One interesting question to ask is, Where is the impact of these technologies on the pipeline? Is it target discovery that systems biology is helping? Well, probably not, because you’re usually, if you’re looking for new targets, you’re looking in the bushes where you don’t understand what’s going on well enough to build a model. Biomarkers, the other end, clinical biomarkers, [are] very often based on correlative evidence, machine learning techniques, and statistical models.

So, in between, mechanism of action studies, translation, I think that’s where the biggest hurdles are right now, figuring out oncology, which cancers your drug is going to be effective against and why. If you’ve got a model that can shine a light and say we believe that 90 percent of the efficacy of this drug is coming from this little sub-network here and if you track these elements through the various stages of biological model development, you’ll be able to guarantee that you’re getting efficacy. That’s where I think the sweet spot might be for this technology.

John: Were there a lot of mistakes made when systems biology was getting started?

Jack: Well, I can give one perspective. They (pharma researchers) have heard about how this beautiful systems biology is going to solve their problems and they’re very naïve. They had their math phobia way back in school and oh my God, I will never understand it, but I think that there’s something there. So, they’re very naïve and very optimistic, and then they get burned a little bit. I think that’s happened a little bit in our experience. In the beginning people were expecting too much of an easy answer by just cranking some machine.

Climbing the Learning Curve
John: What went wrong with early models?

Jack: In some areas we just don’t know all of the details to sensibly model, and it wasn’t appreciated.

Desperately Seeking Wow
We’re all basically hoping for a really big hit, a wow. We’re looking for a result in which there’s no question that systems biology contributed to our understanding of why some patients respond and others don’t, questions of that magnitude. If we get those results, then the rest will follow. We’re not there yet.
— Jack Beusmans, AstraZeneca

Alex: I think early on we viewed models as a product that we could offer to people, and what we came to realize pretty rapidly with [the] people that we were working with was that while [they] had the enthusiasm for modeling, [they] didn’t necessarily have the expertise — and we didn’t necessarily have the right approach to be able to deliver it along with everything that they really needed to know.

So we shifted into a collaboration mode where they’re welcome to use the technology, we’re going to use it with them, and I eventually think we’ll come back around to people being able to have the expertise to take on a model and use it. But in the early days, people were like, oh, this must go in the bioinformatics group or something like that, but it’s a very different technology.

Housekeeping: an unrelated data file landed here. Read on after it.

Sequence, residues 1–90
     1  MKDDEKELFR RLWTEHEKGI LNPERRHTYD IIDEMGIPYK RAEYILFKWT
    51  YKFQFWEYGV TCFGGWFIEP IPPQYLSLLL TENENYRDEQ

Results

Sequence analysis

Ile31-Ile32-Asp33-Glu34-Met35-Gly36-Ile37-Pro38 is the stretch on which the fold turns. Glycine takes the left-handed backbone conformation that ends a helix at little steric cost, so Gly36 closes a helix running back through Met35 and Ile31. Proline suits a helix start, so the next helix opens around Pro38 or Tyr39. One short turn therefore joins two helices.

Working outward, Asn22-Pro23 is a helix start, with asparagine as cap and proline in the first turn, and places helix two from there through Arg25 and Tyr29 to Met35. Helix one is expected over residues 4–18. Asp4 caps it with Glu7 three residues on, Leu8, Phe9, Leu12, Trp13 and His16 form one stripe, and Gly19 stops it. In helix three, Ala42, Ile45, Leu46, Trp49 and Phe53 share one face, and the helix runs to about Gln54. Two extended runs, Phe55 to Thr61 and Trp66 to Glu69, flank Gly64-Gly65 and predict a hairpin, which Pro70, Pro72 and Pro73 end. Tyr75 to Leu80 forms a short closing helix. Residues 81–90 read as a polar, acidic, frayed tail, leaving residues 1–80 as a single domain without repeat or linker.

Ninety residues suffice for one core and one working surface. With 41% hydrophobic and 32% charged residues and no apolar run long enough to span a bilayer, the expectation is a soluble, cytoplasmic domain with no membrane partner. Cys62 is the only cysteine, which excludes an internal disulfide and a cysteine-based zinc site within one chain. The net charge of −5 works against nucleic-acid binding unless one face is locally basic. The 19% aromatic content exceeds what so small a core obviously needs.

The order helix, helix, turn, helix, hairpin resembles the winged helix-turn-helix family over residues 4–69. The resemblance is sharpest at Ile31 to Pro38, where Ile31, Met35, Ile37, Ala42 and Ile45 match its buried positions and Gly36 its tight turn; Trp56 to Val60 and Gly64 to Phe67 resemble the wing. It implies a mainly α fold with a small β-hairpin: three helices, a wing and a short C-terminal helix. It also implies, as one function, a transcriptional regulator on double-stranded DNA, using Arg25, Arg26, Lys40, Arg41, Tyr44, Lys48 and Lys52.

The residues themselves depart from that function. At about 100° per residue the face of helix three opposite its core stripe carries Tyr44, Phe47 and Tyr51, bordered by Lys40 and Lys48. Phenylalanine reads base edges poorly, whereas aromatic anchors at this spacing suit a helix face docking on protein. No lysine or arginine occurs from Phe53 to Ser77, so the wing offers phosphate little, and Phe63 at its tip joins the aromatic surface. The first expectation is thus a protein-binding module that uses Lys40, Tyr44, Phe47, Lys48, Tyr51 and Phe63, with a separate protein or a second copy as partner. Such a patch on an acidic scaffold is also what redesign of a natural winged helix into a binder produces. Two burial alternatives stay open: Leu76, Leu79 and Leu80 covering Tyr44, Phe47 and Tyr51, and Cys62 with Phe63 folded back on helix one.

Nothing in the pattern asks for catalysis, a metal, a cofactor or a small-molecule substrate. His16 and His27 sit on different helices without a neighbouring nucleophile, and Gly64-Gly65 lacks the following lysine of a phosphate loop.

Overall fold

Keith: One of the things I think — and certainly in your statement Alex — is to look at the output of what you do technologically as being a scientific outcome. When you’re working with a therapeutic area at a pharma company, you’re trying to have an impact on a discovery program or development program. What they’re most interested in is whether you can, in fact, provide insights into the biology they need to understand.

Stan, you [said] if you can shine a light on the mechanism of action and tell me that this is the mechanism you’re going to see clinically and define some biomarkers for it, that’s something you are quite interested in. I think that’s what modeling can do, but not if you give a naïve end user a very complex model. I think biological systems modeling is going to be the space where computation finally becomes a scientific discipline within the pharmaceutical industry.

Building the Case for Success

It’s the DATA...
I think there’s a danger lurking in some of what people want models to be able to do, which is something disconnected from the experimental data. What’s very important in modeling is that models be able to identify the parameters you need to measure in the clinic to be able to predict the biomarkers to follow the mechanism of action or the mechanism of resistance. We can’t disconnect the models from the data.
  — Keith Elliston, Genstruct

Keith: Pfizer’s been one of our customers since early 2003, and we’ve gone through three different relationships exploring utility across not just discovery but through development and through safety and tox. Through that we’ve had a number of key programs that overall if we looked at the success of our results, to date, none of our hypotheses have been refuted. I think there’ll be some details presented on some of our work at the Society of Toxicology meeting next year. Also with Berlex and Schering AG, we’ve done some very good work in breast cancer. We’ve been able to identify sets of targets that they’ve pursued and as well worked to predict expression-based biomarkers clinically.

Alex: In terms of business success, we’ve worked now with a number of large pharma. We have multiyear agreements that have grown out of earlier agreements and they keep continuing with companies like J&J and Organon. Pfizer invested in Entelos. So that’s part of the proof  they’ve been happy with the early results. In terms of the science we’ve been able to, as I said, [we’ve] predicted negative outcomes for people. They’ve chosen to stop that work and then had those confirmed by work that was later published. J&J, for example, has talked about how we’ve helped them stop work in certain programs, how we’ve helped them with in licensing, how we help them predict clinical trials that they then run and confirmed the predictions.

I know one of the questions you had was ROI and metrics. Some of our partners have done that internally. Trying to get them to share that externally has been more of a challenge, but we’re very at least happy that they’re able to talk about some of the scientific benefits that they’ve gotten.

Colin: Three GNS/pharma collaborations have been made public. There was an early project with Merck around target validation and colorectal cancer cells and the models proved to be much more accurate than any of the other methods they used internally. That was based on mechanistic simulations of known pathways, and we were definitely proud of the result. But we also felt like that’s a very tough business to scale because it’s very labor-intensive and the models are always somewhat subjective. [Another] example, which is published, is a collaboration with Novartis, and that was more of a retrospective study looking for mechanisms of toxicity for a compound in clinical trials. The process of doing the inference modeling generated some just truly new predictions of biology surrounding the compound’s mechanisms.